Much remains up in the air for regional tourism destinations as summer begins
By Terry Troy
Travel is an often overlooked, but vital part, of the Ohio economy. Last year, travelers generated $48 billion for Ohio businesses, and these businesses employed 431,000, according to the Ohio Travel Association (OTA).
“It is difficult to say how the pandemic will impact Ohio businesses this summer, as most of our attraction businesses remain closed due to the governor’s orders,” says Melinda Huntley, executive director of the OTA. “These businesses have worked for weeks to create safety plans and are ready to welcome visitors, and their employees need to return to work.
“Numbers released this week by the U.S. Travel Association show that the unemployment rate for travel related jobs in the U.S. is 51%. That’s more than half of all jobs. Every week our businesses remain closed, more and more jobs are at risk. Year-over-year weekly travel spending in Ohio is down 84% as of May 9, a loss of $509 million and a loss of $15 million in state tax revenues.”
Even resorts outside of Ohio, which welcome thousands of visitors from our state, are feeling the pandemic’s effect.
“The current pandemic is having a significant impact on the hospitality industry,” says John Hess, director of sales and marketing for the Omni Homestead, a family resort in Hot Springs, Virginia. “This is unfolding in multiple ways. First, it is impacting the way in which individuals and families travel and the places they choose to go and stay. We anticipate cleanliness and safety will be major factors in travel decisions where they may have just been minor considerations in prior years. Finally, it is impacting the way we operate our hotels in order to help guests feel safe while away from home and in our care. We anticipate the level of demand to be subdued this summer with fewer total travelers around the country.”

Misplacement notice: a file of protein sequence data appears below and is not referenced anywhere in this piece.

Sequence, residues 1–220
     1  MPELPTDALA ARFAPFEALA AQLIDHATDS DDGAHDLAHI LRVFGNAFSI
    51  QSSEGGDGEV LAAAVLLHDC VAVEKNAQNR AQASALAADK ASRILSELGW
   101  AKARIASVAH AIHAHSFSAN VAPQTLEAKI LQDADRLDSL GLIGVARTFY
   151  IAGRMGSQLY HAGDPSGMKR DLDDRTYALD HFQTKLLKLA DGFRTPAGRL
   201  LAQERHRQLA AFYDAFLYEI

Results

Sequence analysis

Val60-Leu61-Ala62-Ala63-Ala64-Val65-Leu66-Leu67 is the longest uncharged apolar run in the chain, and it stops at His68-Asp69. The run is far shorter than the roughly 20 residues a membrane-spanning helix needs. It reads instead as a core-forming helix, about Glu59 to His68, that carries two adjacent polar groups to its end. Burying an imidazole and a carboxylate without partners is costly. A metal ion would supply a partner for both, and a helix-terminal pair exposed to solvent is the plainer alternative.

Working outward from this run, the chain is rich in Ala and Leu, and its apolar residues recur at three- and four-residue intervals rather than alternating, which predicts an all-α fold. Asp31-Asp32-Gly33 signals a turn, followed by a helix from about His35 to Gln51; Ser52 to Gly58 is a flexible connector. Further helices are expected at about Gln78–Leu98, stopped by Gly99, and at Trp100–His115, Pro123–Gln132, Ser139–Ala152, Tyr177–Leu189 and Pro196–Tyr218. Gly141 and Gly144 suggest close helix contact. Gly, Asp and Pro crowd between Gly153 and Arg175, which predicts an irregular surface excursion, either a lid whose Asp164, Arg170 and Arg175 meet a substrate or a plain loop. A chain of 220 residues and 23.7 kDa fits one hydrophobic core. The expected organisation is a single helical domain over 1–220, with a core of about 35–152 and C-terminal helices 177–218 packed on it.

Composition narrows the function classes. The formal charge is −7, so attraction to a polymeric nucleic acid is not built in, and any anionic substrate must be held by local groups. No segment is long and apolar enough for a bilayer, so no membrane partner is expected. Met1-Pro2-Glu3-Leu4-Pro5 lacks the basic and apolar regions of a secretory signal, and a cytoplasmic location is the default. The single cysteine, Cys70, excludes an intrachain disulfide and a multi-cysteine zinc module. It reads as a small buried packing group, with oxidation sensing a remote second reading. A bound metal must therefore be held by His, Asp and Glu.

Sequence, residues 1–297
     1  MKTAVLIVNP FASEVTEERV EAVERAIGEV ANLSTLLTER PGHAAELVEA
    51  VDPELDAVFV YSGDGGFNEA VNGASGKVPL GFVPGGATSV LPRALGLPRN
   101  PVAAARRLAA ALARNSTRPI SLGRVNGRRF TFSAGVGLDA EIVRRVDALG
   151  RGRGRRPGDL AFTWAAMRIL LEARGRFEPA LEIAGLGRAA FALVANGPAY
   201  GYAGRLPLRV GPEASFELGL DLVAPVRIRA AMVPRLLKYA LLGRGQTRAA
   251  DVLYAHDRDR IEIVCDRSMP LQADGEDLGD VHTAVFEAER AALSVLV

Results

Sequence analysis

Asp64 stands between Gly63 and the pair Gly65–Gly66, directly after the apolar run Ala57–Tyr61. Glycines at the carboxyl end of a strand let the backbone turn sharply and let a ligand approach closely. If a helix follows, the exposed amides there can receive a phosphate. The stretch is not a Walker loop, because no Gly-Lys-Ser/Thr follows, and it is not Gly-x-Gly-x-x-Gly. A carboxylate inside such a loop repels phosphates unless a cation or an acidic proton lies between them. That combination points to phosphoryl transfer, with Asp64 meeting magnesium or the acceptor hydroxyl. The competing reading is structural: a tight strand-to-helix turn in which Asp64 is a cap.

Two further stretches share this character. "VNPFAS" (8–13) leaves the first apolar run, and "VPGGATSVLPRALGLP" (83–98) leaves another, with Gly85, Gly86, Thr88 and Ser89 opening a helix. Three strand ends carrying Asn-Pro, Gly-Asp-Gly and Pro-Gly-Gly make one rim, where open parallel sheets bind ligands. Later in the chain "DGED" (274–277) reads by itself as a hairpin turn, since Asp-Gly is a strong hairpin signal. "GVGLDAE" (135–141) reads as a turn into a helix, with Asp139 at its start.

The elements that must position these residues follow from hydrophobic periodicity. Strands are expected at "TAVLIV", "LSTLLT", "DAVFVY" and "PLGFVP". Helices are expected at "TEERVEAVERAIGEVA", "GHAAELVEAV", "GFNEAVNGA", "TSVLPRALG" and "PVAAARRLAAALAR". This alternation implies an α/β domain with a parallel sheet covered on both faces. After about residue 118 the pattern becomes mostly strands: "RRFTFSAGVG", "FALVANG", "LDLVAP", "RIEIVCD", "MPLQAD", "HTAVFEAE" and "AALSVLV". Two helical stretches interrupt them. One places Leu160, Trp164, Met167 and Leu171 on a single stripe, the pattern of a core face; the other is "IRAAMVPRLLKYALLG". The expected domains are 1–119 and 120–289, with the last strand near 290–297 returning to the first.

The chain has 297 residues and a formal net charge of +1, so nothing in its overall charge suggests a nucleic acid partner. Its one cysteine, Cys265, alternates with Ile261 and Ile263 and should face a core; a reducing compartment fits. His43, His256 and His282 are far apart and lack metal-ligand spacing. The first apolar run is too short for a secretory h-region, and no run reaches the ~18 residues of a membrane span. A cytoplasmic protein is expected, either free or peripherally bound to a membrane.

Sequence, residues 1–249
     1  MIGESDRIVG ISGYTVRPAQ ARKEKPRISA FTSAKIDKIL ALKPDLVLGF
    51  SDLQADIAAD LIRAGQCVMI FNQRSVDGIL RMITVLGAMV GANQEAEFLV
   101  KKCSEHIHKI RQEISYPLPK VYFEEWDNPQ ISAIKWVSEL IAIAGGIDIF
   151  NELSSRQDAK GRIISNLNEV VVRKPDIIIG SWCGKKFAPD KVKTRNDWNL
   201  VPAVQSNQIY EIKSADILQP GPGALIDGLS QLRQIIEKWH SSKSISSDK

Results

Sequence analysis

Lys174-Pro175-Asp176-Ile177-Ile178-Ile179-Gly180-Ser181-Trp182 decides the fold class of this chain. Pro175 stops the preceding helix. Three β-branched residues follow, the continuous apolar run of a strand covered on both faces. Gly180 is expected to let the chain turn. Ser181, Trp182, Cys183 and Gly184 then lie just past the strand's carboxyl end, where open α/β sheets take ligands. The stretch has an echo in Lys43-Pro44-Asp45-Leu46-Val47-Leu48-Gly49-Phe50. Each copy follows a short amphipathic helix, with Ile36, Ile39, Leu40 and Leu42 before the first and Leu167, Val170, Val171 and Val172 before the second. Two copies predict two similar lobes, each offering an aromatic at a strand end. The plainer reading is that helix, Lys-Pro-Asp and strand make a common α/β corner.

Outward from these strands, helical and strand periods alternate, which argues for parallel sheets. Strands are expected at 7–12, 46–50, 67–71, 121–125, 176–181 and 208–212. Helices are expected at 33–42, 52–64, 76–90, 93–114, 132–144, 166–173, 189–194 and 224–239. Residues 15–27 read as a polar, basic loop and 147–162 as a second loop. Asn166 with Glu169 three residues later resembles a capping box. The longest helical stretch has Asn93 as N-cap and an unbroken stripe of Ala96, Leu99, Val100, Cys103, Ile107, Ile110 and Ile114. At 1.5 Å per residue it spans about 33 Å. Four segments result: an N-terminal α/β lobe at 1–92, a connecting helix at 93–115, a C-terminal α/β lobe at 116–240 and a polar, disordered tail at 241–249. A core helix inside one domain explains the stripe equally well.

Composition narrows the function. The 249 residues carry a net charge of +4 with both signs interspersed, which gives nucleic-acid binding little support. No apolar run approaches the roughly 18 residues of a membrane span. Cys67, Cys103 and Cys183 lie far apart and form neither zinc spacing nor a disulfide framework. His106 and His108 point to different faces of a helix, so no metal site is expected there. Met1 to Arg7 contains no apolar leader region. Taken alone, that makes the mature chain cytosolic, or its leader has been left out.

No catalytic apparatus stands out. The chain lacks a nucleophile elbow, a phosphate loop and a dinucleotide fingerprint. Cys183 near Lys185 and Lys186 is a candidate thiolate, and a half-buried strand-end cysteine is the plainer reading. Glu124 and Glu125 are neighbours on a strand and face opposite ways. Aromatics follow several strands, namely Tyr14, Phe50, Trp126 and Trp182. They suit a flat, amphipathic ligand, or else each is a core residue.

Two factors may positively affect travel and tourism in our state. As weather warms above an average of 77 degrees, coronavirus cases are expected to decline. With positive reporting of coronavirus numbers, more Ohioans will be confident in making travel plans.
However, it’s also likely that fewer Ohioans will be confident in traveling by air, which could increase the number of driving vacations and road trips to more local and regional destinations, which would have a positive impact on tourism dollars in our state.
“We do expect that our remote location will be attractive to the drive market,” adds Hess. “With over 2,000 acres of beautiful mountain terrain surrounding our valley, this is a place like no other for escaping the stress of daily life. We are implementing completely new procedures
for cleaning our hotel and interacting with our guests in order to provide a safe and welcoming environment for our guests.
“We expect most of our guests to come from our drive markets. Additionally, we believe that the typical drive market may expand further as more people consider driving to destinations instead of flying. We expect to see many guests from Ohio, Kentucky, North Carolina, West Virginia, Maryland and Virginia.”